numerous articles and notes have been written in
the past 38 years since the beginning of Bell
Mountain Vineyards and Winery a we have included
a couple below for our customers to enjoy
reading about the history of this long
established first vineyard and winery in
Fredericksburg Tx. Enjoy!
Notes from Bob Oberhelman - Fredericksburg,
Development and Progress Report, September 1976
1. General Information
The vineyard is located in the heart of the Hill
Country fourteen miles north of Fredericksburg.
The elevation is 1900-feet, with the summit of
Bell Mountain rising gently one-half mile to the
II. Initial Preparation
A 40-GPM well was secured at 154 in March 1975.
Clearing & grading of two old fields, that had
been out of production for from thirty-five to
forty years, commenced in April 1975.
After root-plowing and removing mesquite and
other small shrubs, two water diversion terraces
were created. Also, two waterways which
traversed the property were shaped.
Coastal Bermuda was sprigged in all waterways.
Vetch was planted and fertilized with 0-24-24 in
A deer-proof fence of seven feet was erected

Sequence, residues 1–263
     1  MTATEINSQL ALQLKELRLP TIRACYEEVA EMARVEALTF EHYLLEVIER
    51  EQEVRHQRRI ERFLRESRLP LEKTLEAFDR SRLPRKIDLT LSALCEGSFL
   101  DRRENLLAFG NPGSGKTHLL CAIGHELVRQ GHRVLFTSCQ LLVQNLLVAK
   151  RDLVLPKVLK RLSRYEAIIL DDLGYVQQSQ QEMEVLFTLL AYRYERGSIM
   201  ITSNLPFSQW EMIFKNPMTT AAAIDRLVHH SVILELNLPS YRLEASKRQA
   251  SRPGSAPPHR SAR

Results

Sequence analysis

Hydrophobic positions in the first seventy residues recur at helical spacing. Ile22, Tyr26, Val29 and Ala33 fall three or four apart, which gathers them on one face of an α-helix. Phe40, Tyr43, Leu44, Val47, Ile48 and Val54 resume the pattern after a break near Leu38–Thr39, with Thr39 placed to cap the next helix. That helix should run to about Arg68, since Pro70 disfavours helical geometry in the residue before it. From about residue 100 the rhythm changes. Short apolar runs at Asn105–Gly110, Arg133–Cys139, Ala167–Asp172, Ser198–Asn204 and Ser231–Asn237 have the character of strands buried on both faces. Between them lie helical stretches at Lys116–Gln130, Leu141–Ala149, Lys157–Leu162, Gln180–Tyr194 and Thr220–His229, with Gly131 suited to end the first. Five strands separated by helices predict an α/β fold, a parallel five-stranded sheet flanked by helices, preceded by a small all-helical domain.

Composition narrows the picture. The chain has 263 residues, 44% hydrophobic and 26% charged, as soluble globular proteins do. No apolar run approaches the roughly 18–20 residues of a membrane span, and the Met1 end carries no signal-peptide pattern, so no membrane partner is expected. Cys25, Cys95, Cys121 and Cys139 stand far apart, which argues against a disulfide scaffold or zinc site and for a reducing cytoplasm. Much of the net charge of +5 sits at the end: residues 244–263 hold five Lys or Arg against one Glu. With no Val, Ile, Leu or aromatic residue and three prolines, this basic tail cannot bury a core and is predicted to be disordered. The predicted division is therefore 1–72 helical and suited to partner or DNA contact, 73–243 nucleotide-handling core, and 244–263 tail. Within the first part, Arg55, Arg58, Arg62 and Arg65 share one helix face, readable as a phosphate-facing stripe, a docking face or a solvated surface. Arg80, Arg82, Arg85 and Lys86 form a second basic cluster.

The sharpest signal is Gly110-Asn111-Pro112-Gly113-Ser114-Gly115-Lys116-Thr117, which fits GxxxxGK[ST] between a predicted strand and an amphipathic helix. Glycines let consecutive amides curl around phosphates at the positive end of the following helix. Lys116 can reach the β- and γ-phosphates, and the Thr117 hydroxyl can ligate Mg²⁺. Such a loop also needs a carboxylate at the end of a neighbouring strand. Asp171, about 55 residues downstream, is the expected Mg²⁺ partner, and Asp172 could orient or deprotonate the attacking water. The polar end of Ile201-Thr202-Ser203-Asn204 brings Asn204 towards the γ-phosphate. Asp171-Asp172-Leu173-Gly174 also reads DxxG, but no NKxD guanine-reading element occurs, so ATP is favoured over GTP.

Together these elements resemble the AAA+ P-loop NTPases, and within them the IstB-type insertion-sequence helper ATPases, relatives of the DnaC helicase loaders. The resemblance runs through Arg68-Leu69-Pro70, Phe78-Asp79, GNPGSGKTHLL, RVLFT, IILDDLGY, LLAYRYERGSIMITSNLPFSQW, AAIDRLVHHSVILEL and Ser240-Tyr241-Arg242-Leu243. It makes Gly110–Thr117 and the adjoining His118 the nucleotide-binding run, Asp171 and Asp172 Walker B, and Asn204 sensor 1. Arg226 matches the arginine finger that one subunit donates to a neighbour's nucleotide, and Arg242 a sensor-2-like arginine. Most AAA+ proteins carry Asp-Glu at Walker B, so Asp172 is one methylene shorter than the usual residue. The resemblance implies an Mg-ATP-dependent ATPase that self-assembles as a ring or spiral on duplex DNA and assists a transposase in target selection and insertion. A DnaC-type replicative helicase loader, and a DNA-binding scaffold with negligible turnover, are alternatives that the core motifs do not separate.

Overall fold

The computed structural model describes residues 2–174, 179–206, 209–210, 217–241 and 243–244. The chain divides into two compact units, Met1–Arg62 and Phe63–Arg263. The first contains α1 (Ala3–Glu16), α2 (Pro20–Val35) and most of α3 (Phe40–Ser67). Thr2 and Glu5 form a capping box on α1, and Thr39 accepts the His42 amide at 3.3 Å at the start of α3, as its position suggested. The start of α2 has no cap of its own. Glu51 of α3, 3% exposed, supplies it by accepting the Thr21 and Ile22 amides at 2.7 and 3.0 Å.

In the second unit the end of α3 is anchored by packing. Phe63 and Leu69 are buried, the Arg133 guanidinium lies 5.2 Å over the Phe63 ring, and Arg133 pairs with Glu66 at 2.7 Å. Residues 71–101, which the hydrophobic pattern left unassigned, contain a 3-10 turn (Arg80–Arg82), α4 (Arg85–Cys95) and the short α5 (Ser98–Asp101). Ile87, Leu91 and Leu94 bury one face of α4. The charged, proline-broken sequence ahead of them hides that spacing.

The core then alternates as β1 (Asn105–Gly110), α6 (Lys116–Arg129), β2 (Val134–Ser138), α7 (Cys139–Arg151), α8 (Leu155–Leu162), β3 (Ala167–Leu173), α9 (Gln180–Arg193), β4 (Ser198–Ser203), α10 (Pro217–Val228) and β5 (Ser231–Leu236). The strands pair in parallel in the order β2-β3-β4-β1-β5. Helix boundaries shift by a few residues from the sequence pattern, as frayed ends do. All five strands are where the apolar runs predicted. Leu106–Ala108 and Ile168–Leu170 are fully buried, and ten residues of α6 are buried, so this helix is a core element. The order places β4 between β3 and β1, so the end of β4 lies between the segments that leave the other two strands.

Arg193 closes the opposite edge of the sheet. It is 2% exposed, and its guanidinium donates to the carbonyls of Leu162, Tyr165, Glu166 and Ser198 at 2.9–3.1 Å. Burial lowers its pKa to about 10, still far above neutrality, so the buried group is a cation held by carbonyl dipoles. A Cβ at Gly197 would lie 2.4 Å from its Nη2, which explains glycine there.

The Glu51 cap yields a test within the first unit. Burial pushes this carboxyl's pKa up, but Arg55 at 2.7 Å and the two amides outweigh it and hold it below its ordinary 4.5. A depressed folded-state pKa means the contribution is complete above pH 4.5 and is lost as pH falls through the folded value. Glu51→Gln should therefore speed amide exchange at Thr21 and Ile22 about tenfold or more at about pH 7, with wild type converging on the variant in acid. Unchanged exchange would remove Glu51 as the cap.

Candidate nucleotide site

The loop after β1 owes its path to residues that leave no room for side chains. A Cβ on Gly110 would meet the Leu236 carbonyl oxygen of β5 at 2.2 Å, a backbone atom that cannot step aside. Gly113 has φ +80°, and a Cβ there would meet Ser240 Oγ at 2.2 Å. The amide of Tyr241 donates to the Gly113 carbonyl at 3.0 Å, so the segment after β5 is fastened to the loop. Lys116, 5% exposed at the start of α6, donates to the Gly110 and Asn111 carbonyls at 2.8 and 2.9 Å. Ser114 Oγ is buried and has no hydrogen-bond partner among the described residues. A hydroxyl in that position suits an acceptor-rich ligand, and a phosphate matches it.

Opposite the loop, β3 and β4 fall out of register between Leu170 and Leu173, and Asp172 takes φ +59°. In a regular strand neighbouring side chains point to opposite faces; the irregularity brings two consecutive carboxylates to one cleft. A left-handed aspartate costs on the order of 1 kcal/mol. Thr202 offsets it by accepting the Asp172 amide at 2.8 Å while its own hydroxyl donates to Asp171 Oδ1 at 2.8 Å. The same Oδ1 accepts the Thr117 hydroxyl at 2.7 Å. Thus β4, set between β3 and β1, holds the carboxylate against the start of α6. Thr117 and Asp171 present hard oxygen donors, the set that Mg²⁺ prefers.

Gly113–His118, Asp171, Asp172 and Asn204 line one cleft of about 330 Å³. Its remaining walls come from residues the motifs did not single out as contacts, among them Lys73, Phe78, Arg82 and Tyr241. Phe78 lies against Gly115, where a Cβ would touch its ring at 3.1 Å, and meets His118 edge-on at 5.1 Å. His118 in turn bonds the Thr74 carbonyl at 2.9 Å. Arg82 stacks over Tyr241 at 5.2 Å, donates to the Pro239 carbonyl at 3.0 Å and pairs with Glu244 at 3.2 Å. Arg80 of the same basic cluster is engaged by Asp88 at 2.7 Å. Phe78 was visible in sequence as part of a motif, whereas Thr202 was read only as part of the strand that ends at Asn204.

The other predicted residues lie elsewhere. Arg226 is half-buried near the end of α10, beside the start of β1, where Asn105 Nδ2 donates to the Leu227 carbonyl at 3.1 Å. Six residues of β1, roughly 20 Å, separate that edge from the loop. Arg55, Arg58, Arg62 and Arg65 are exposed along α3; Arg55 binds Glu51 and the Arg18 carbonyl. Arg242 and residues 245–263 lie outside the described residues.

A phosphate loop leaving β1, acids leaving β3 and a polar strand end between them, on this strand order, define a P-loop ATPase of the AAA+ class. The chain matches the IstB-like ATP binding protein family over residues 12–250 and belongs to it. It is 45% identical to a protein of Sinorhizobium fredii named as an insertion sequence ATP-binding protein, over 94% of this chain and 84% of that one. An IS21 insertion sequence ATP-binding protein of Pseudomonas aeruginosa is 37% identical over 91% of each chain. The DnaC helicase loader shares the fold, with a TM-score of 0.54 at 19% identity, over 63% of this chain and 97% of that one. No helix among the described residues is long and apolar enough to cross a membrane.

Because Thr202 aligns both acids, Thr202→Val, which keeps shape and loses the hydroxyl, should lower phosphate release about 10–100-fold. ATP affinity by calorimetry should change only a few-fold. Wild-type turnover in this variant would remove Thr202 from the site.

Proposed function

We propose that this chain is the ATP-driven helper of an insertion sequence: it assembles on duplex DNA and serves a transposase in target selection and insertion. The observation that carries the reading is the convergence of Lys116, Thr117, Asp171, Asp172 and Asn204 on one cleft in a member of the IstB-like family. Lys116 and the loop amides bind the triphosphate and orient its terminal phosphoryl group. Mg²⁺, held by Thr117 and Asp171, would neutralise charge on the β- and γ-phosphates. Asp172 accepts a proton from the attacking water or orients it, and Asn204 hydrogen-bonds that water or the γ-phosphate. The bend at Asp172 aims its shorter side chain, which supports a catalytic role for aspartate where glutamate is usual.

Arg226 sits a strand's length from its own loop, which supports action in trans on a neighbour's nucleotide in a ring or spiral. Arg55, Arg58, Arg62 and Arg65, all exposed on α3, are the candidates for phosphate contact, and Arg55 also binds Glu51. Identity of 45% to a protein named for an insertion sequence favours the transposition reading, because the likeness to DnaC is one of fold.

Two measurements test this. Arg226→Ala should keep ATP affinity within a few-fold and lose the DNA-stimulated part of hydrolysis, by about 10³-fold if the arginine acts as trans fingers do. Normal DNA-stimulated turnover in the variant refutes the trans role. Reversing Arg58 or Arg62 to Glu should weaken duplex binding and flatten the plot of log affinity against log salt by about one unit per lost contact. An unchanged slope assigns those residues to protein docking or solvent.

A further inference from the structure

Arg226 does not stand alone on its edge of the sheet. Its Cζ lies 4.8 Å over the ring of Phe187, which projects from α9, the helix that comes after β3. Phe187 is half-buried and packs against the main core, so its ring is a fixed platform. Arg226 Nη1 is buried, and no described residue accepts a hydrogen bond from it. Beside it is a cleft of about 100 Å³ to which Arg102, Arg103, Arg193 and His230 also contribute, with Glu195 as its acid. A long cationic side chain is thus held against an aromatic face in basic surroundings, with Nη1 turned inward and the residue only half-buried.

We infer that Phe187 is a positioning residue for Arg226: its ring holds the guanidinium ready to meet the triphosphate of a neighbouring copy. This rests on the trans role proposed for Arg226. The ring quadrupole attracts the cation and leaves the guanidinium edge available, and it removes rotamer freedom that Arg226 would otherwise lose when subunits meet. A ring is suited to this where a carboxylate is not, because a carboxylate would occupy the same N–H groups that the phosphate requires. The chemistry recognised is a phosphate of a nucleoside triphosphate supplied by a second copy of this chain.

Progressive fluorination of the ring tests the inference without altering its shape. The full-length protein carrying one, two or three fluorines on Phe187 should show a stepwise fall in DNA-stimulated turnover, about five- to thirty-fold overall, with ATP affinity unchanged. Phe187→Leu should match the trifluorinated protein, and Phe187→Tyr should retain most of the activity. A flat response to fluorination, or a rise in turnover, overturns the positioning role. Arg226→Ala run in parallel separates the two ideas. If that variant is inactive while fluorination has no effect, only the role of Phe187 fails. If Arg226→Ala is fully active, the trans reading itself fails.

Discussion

around the fifty-one acre plot in December 1975.
Three acres for the initial vineyard planting
was laid out in January, 1976 and the trellis
was commenced in February. The trellis is
a five-foot, two wire structure. There is
a third wire, at the height of 18-inches, which
was planned to hold the drip irrigation line and
help secure the bottom part of the "train stake"
The posts were penta pine and interspersed with
7-foot "T" steel posts. The post are at
18-foot distances as it was planned to plant
either three plants, or two more vigorous plants
between posts. Thus the plants are at
six-foot or nine-foot distances. Reliable
electric company's wire vises were used to
secure and tension wire. Holes for
inserting the wire and wire vises were
pre-drilled in the shop to speed erection in the
field. Wire vises terminate wire at the
end posts and intermediate penta posts.
The intermediate penta posts were placed every
ninety-feet to simplify erection and elimate the
risk, in the event of a wire failure or
accidental severance of the entire row going
down. All holes for posts and plants were
bored in one line as the tractor moved down the
row. Penta posts were inserted and ground
around was firmed. The wire and steel
posts were installed in one movement. That
is, the lower wire was strung between the penta
posts. The steel posts could then be
positioned to the wire and then driven.
The two top wires were then strung. Later
wire was "clipped" to the steel posts, as in
Spring 1976 - Vineyard